Communicating Effectively in a Virtual World


Texan by Nature exists to bring conservation and business together. We believe in a collaborative model that pushes impact boundaries for our natural resources, people, and economic growth. As we collaborate with conservation, civic, education, individual, and industry leaders across the state, clear communication is a critical part of achieving our goals and delivering upon our mission.

Over the past few months, the way we communicate with each other shifted completely, changing the way we interact with our co-workers, constituents, partners, and everyone in the professional sphere. In-person meetings in offices and coffee shops turned into phone calls and virtual video conferences where everyone resides in their own rectangle on the screen. During these difficult times it is amazing how, despite the space that is between us, technology enables us to stay more connected than ever. 

For all leaders, successful outcomes rely on building strong, resilient relationships. For nonprofits, funders are added to the relationship list. Nonprofits must continue working in pursuit of their mission, requiring thorough communication and funding solicitation, regardless of the turmoil in the world.  To ensure continued growth, organizations must adapt and ensure effective communication, hopefully moving relationships to deeper collaboration.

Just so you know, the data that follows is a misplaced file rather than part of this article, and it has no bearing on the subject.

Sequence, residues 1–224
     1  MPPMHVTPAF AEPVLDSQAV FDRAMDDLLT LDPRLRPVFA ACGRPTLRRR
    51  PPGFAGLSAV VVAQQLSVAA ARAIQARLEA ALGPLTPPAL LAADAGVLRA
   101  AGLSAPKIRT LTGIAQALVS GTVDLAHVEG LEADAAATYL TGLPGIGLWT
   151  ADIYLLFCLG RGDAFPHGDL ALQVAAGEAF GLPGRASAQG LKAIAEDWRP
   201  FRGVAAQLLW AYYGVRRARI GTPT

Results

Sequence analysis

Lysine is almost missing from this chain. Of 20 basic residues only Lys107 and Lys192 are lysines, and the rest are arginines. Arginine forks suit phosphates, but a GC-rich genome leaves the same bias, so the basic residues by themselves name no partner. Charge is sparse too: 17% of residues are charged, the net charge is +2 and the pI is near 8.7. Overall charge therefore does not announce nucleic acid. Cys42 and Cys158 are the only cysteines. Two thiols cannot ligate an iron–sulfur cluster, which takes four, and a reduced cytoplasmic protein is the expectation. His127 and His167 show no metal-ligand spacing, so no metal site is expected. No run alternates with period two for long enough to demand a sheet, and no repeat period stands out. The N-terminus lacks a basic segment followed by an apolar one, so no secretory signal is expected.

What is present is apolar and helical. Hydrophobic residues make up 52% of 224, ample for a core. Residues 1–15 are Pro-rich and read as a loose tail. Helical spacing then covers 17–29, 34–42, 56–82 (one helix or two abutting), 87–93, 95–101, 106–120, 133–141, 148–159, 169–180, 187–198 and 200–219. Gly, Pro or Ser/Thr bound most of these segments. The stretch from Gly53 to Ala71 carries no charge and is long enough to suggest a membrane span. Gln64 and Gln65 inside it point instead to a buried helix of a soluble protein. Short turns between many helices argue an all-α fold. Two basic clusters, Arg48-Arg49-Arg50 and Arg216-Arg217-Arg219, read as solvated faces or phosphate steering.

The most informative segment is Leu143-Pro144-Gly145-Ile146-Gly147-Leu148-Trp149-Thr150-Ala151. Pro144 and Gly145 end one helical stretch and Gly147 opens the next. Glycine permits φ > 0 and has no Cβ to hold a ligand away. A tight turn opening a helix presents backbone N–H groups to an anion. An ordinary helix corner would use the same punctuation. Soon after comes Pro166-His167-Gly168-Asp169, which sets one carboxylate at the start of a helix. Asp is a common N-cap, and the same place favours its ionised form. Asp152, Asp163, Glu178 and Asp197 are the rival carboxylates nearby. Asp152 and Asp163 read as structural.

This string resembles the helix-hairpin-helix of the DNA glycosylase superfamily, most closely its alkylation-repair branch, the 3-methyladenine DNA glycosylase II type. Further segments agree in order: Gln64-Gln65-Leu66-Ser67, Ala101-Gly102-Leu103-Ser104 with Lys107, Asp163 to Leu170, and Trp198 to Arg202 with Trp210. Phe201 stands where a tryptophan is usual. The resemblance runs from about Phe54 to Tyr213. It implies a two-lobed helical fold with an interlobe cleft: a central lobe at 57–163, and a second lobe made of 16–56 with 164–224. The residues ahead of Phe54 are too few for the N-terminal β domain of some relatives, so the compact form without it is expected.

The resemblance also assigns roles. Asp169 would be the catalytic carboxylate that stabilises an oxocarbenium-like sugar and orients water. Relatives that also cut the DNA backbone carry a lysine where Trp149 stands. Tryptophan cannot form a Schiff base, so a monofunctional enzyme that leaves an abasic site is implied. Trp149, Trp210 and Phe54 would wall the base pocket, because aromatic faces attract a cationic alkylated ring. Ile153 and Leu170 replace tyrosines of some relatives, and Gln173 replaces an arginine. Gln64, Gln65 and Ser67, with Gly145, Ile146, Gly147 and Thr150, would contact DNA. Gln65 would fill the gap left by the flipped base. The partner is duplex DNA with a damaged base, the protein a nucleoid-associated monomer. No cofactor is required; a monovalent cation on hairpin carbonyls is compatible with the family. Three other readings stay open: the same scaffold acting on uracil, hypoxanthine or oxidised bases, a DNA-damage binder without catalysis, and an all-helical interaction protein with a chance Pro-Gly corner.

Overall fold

Here are some tips and tricks to ensure you are communicating effectively with businesses and partners in a virtual world.

Note: Begin your communication with awareness – remember that many people you are meeting with are working from home, dealing with difficult circumstances due to current events, balancing their work/life schedule, teaching their children from home, and more. There are many communication tools that you can utilize to make sure that you and the person you are meeting with comes into the meeting prepared and get the most out of the meeting.

Before You Get Started:

  • Ensure your organization has clear messaging on your website that outlines exactly why you exist – who you are, what you do, and how you do it. This will ensure that businesses and partners visiting your website understand why your organization is important.